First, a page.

MANILA, Philippines – The Quezon City government cannot yet collect from residents the annual garbage fees that the local goverment approved last December.
On Wednesday, February 5, the Supreme Court issued a Temporary Restraining Order (TRO) on the implementation of Ordinance No. 2235, which exacts a garbage fee of P100 to P500 a year from households.
The High Court was acting on a complaint filed by Kamias Road resident Jose Ferrer Jr. Named respondents in the complaint are Mayor Herbert Bautista, the Quezon City council, the city treasurer, and the city assessor.
The fees vary, depending on the land area occupied by the house:
- P100 – 200 square meters or less
- P200 – 201 sq meters to 500 sq meters
- P300 – 501 sq meters to 1,000 sq meters
- P400 – 1,001 sq meters to 1,500 sq meters
- P500 – 1,501 sq meters or more
For condominium units and socialized housing units in the city, the fees are as follows:
- P25 – 40 sq meters or less
- P50 – 41 sq meters to 60 sq meters
- P75 – 61 sq meters to 100 sq meters
- P100 – 101 sq meters to 150 sq meters
- P200 – 151 sq meters or more
According to the ordinance authored by Councilor Victor Ferrer Jr (District I), the garbage fee should be paid at the same time residents pay the annual real propery tax, “but not later than the first quarter installment.”
A household owner who refuses to pay the garbage fee is penalized. They have to pay an additional 25% of the garbage fee due plus an interest of 2% per month.
Fees for garbage programs
The garbage fees are supposed to boost QC’s garbage collection program. The proceeds “shall be deposited solely and exclusively in an earmarked special account under the general fund to be utilized solely for garbage collections,” reads the ordinance.
This fund will then be the source of “rewards” for barangays, accredited homeowner associations, and condominium associations that have undertaken projects that promote reuse, recycling, and reduction of garbage.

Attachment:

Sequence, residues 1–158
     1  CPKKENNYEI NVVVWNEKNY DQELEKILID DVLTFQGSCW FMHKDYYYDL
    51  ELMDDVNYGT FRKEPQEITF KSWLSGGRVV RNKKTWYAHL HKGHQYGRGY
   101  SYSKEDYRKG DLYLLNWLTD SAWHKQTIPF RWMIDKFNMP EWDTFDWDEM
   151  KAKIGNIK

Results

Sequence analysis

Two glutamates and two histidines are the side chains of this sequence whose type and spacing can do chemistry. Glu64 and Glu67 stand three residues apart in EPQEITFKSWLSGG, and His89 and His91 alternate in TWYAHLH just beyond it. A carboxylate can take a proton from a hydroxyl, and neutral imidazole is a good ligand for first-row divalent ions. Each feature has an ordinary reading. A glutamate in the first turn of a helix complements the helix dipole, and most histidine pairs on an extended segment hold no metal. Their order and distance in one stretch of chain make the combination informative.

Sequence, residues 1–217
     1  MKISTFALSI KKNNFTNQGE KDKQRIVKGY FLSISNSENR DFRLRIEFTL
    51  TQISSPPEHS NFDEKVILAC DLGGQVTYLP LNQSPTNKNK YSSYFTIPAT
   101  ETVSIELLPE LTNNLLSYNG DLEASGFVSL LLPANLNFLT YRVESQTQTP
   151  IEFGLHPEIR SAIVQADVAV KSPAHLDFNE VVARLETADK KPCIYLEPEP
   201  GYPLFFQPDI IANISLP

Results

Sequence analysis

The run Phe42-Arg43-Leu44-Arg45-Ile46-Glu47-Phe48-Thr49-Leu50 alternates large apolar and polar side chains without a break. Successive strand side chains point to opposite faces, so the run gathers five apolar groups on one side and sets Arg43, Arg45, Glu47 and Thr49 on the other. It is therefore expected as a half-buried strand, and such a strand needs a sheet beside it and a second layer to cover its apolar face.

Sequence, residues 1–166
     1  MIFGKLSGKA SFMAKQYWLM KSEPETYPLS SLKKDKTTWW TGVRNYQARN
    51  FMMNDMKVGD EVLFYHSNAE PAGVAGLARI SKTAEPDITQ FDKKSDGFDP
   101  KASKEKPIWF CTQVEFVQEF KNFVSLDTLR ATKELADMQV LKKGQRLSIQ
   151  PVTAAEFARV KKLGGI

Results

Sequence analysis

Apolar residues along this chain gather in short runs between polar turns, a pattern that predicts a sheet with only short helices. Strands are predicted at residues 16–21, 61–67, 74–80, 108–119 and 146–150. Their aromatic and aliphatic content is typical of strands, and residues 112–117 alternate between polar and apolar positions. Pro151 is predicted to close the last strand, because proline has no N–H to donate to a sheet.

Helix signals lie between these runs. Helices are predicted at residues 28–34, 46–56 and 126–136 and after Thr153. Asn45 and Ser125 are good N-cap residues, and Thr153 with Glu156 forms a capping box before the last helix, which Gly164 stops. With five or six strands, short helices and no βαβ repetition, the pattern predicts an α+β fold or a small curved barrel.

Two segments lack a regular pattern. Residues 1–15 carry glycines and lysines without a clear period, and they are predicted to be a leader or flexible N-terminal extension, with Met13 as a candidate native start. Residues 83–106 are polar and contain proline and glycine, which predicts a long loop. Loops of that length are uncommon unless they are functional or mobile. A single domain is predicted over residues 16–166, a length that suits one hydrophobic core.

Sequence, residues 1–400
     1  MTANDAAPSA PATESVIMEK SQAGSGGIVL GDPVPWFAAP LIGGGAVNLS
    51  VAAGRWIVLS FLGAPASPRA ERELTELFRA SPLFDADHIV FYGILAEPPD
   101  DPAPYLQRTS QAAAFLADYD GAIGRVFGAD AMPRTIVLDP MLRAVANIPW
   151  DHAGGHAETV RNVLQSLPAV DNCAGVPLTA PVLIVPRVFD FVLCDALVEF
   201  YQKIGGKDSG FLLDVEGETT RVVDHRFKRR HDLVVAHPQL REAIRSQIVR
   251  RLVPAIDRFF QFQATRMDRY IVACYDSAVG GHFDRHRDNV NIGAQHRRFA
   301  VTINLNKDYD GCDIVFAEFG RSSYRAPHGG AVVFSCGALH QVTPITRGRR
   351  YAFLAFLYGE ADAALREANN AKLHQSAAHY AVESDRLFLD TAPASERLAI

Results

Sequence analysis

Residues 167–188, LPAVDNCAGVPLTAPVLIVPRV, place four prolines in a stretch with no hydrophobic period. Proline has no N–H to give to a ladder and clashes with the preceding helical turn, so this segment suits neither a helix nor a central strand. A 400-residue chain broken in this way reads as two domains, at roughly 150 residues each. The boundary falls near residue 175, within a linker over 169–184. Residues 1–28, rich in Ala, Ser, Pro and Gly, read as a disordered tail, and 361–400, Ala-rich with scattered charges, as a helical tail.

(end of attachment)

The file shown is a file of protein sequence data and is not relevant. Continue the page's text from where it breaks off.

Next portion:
Approved by Bautista on Dec 26, 2013, the ordinance already took effect last January 1, said QC Environmental Protection and Waste Management Department (EPWMD) chief Manny Rios.
The point of the ordinance is to make residents more accountable for their garbage.
“Before, residents didn’t have responsibility over their trash. They don’t pay any fee. So it was decided that it’s time to give them some sense of responsibility to also pay for the garbage they throw,” he told Rappler in a mix of English and Filipino.
Before the ordinance, only business establishments had to pay a garbage fee. Rios said the new fee is very small. The owner of a 200-square-meter home would only have to pay P100 a year or around 27 centavos a day.
But if the fee is that small anyway, how will homeowners feel more accountable?
“Parang pinaramdam lang na dapat magkaroon sila ng share sa basura (It’s just to make them feel they should have a share in garbage collection),” he said.
Biggest spender on sanitary services
If all QC residents pay the garbage fee, the city government expects to collect around P50 million a year for the “special fund.”
The amount is small compared to the more than P775 million the city government spends every year for environmental services. This includes not only garbage collection but payment of streetsweepers and environmental campaigns to promote waste segregation, recycle, reuse, and reduction of garbage, said Rios.
Among cities in Metro Manila, Quezon City spends the most on “environment and sanitary services,” according to the Commission on Audit.
In 2012, the city spent P903.7 million in taxpayers’ money on maintaining the environment – or 21.6% of the total P4.182 billion spent by the entire Metro Manila.
Rios says this is because Quezon City is the largest city in Metro Manila, catering to a population of more than 3 million. – Rappler.com
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